Egyptian religious freedom activists and researchers have for decades called for more secularism to remedy the violations facing religious minorities. Those religious minorities have been subject to attacks for practicing religious rituals and suffered from lack of recognition by the government. As those activists advocated secularism, some academics critiqued it and deemed it the instigator of the very problems it claims to uproot. Saba Mahmood famously argued that secularism is a primary producer of religious tension in Egypt. In this thesis, I argue that it is not the mere regulation of religious difference as a feature of secularism that is the problem, but the manner in which Egypt does the regulation, in which it empowers religious institutions and espouses Islam as its quintessential identity and Shari'a the basis of its public order. I also conclude that despite secularism’s inherent problems, it continues to hold promise for some change for Egypt’s minorities. I reach that conclusion by testing Mahmood’s argument against key legal events post-2013: The 2014 Constitution, the Church Construction Law, and the yet to be issued Personal Status Law for non-Muslims.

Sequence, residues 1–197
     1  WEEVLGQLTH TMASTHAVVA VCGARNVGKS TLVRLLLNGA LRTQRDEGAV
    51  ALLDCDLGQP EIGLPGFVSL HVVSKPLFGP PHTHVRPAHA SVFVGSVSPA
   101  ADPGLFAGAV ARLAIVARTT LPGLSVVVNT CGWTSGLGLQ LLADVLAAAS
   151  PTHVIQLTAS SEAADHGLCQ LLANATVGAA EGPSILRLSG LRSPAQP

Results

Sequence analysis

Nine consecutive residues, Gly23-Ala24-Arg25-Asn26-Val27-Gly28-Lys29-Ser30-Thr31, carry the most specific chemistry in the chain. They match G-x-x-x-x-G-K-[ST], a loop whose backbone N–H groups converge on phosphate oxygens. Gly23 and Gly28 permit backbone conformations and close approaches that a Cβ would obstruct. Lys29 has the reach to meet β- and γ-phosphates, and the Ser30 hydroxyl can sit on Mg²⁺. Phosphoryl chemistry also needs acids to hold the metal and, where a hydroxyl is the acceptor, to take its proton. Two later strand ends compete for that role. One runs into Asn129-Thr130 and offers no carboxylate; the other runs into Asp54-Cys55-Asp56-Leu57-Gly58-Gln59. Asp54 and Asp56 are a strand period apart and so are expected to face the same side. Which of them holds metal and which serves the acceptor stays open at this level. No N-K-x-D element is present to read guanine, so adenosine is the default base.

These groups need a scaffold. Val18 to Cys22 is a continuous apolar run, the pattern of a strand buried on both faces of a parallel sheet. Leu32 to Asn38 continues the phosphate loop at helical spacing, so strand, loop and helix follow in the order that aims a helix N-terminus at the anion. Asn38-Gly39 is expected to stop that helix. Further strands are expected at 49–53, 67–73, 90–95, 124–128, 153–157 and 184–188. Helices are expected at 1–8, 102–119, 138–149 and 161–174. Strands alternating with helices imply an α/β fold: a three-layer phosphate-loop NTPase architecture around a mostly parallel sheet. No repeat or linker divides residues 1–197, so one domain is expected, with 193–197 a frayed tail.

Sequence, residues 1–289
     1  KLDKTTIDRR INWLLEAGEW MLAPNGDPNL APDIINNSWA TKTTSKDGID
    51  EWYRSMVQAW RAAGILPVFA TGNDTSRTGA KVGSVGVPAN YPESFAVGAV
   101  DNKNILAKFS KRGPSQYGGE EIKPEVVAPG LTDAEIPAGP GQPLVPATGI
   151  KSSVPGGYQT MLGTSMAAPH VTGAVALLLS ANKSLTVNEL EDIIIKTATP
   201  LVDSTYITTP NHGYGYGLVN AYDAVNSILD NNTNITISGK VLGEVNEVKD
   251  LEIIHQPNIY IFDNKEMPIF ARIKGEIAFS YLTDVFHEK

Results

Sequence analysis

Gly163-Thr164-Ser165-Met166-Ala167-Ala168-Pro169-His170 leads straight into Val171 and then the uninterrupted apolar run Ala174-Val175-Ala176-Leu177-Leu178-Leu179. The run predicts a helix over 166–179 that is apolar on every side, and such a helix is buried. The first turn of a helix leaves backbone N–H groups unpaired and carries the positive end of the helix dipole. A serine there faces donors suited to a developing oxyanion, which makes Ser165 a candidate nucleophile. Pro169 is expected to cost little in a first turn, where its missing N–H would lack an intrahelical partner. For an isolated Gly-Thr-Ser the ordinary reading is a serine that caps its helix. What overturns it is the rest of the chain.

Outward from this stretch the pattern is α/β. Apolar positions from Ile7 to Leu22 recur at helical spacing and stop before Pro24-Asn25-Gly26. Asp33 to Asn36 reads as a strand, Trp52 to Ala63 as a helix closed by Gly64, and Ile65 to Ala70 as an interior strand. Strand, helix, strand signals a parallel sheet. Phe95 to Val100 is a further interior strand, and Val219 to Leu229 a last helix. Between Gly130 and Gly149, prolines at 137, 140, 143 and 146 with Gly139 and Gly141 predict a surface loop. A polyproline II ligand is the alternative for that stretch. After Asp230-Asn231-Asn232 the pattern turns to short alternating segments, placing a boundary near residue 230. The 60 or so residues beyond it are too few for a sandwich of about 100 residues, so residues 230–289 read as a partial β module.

School of Global Affairs and Public Policy


Law Department

Degree Name

MA in International Human Rights Law

Graduation Date

Summer 6-15-2021

Submission Date


First Advisor

Jason Beckett

Committee Member 1

Hani Sayed

Committee Member 2

Thomas Skouteris


47 p.

Document Type

Master's Thesis

Institutional Review Board (IRB) Approval

Not necessary for this item